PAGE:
10 November 2010

5 she was ever one to clean up after herself

there's this thing that happens when i talk to other people from the american south. people who have left. people who know what that means.

we all get this look. like an alcoholic after draining a glass, we are wistful, wary, and discretely pleased.

factional as the south is, there is a standard sense of exhausted accomplishment radiating from those of us who have left it. it is not unlike being in the dutch resistance or the KGB.

because faulkner wasn't kidding, people. shit was real.

all of this goes unsaid though. we don't discuss it.

dananator says we should. as sensei and i sit with her in the corner of a bar filled with paintings of sarah palin naked, dananator says this is what we should be writing about.

dananator has never been to the south. she wants to go but worries she will not know what to do, how to be. that southern life is an elaborately mannered ritual in which she will inevitably fall short. she believes this and so she stays away.

sensei and i exchange a hasty look, two conspirators trying to determine whether it's time to spill the beans.

and then sensei and i say, no, no, the south will love you. because you are not from there. and you did not leave.

the trick is, if you ever leave then you can never ever go back.

i am the daughter of a new yorker and a southern belle. during an early trip to vickburg, mississippi, i puked pureed sweet potatoes down my father's back onto the edge of a priceless antebellum rug in that great southern landmark, the balfour house. a docent dressed in scarlett o'hara's bonnet and full hoops glared at my father and said sternly, sir, get that girl out of here.

it would take 25 years.

the south is uniquely challenging to write about because it's where i'm from, where i've lived, what i left. it is a huge part of who i am and it is responsible for many of the qualities i dislike most in myself.

at the age of eight, in savannah, georgia, i was made to spit my gum out in an elderly girl scout's ungloved hand, because "young ladies do not chew." failing to realize that young ladies did not chew anywhere in all of savannah, as we traipzed through the many homes of juliette gordon low, i left in my wake a trail of dried up gums in ungloved hands.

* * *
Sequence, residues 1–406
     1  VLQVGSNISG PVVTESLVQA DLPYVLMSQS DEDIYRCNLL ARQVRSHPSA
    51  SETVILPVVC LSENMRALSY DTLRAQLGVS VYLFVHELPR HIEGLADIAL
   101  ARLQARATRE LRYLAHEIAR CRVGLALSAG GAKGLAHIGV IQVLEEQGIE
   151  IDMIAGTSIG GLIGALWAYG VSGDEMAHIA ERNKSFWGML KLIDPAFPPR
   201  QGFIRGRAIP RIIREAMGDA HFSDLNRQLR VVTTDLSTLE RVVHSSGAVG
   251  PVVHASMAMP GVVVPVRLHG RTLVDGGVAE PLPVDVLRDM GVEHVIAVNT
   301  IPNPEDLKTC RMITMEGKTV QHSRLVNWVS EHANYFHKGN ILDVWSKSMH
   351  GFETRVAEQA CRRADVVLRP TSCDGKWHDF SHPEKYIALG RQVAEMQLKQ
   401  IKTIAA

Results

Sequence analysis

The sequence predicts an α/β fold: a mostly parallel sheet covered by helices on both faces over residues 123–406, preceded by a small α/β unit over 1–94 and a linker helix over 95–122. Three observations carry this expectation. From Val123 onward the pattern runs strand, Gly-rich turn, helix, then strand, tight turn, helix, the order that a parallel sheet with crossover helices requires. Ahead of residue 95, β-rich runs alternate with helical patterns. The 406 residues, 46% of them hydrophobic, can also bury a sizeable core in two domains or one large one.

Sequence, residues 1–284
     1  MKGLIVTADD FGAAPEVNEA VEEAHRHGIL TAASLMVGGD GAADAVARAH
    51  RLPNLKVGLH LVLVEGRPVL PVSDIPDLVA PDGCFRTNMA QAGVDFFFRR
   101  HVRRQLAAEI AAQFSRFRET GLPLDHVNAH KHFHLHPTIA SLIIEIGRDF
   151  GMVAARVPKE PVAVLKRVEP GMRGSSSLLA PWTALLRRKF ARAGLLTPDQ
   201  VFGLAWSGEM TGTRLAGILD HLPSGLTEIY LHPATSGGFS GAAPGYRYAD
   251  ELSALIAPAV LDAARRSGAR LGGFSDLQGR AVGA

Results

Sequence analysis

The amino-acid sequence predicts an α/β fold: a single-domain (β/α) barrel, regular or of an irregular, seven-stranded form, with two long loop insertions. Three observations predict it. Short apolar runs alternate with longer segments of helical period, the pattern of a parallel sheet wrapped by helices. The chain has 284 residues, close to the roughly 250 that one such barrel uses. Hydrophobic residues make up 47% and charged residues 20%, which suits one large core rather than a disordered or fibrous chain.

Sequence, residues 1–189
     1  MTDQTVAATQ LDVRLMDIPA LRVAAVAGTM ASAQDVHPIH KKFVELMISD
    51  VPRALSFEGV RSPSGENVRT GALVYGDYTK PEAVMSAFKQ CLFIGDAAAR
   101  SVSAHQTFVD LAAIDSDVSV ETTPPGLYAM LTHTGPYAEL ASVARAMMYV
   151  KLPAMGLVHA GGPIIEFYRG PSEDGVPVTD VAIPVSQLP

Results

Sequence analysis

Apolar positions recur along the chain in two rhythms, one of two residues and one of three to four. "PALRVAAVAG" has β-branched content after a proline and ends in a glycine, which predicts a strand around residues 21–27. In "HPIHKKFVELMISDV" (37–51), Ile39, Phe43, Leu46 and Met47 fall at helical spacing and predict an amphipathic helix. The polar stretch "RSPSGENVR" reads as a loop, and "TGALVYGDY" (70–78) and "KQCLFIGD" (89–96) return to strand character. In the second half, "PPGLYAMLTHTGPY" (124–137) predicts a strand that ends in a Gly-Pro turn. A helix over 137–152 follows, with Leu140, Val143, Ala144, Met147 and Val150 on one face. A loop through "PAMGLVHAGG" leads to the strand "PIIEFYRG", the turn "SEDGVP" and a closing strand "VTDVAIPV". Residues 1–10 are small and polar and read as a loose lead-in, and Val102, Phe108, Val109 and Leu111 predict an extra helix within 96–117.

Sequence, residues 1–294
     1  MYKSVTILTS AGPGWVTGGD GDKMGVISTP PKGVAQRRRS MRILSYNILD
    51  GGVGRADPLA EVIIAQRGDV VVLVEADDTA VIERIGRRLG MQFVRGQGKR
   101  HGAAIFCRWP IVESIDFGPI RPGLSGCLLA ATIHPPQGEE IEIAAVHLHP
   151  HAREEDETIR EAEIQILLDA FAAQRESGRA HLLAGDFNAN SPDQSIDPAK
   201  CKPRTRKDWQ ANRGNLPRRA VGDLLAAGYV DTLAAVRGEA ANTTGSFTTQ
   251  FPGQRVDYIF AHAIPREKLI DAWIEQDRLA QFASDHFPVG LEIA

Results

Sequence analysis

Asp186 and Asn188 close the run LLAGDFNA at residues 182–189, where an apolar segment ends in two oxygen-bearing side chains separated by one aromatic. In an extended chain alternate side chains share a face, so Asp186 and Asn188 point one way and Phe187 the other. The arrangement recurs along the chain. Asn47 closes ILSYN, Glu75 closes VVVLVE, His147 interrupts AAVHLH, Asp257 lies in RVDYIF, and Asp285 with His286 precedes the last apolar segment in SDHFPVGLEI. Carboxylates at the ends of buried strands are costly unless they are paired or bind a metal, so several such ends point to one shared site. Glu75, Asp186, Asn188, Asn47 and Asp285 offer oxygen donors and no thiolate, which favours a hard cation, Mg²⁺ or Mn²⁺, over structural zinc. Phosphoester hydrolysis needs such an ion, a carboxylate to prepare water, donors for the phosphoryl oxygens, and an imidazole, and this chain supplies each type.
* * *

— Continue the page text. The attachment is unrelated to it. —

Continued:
that is how this feels. writing about the south, i am that little girl all over again, spitting watermelon double bubble into elegant, yet vaguely threatening, ungloved upturned hands.

i am coming at this from a very particular angle. i am writing as a yankee brat. as someone born in memphis, who left memphis and who came back to memphis. and who- upon coming back to memphis and being dipped into the deep end of the city's political corruption, religious intolerance, racism and poverty- left memphis for good.

so the south to which i am referring is memphis. and though its barbecue remains vastly superior to all other southern sauces, i am mad at memphis to this day.

i am mad at memphis and yet, even 16 stories up in a highrise in the heart of chicago, there is a piece of me- a piece i despise- that longs for it still. for the restlessness of that muddy water, pressing against the bluffs, beckoning, elegant and vaguely threatening, like an upturned palm.


Les Savy Ferd said...

oh the siren song of the swamps of Louisiana.

I sort of envy you two. Coming from a place like Buffalo, I feel like 'my people' whoever they are, are kind of a-historical in the way that most blue-collar drudgery gets quietly churned under and forgotten if it was even remembered in the first place.

oline said...

yes, may we never forget the swamps of louisiana.

and i wonder if it's better to be a-historical that oppressively historic.

Osutein said...

Bravo! So well said.

Last month when we went to Galena, IL, we stopped by the US Grant House there. It was really weird for me to see the Civil War from the other side, to see in it pure triumph and righteousness, rather than tragedy and nightmare. I think it was the first Yankee Civil War site I'd ever visited. It was bran-busting.

Honestly, in some ways, I found it easier being an American in Japan than I do being a Southerner in the North. America I can explain, the South I can't.

But let me try: the South is a haunted house. You can escape, you can run away, but at night, you still hear the whispers and bumps.

Osutein said...

Er, brain-busting

oline said...

THAT is the simile i needed and could never find in four weeks of trying to write this damn thing. bravo.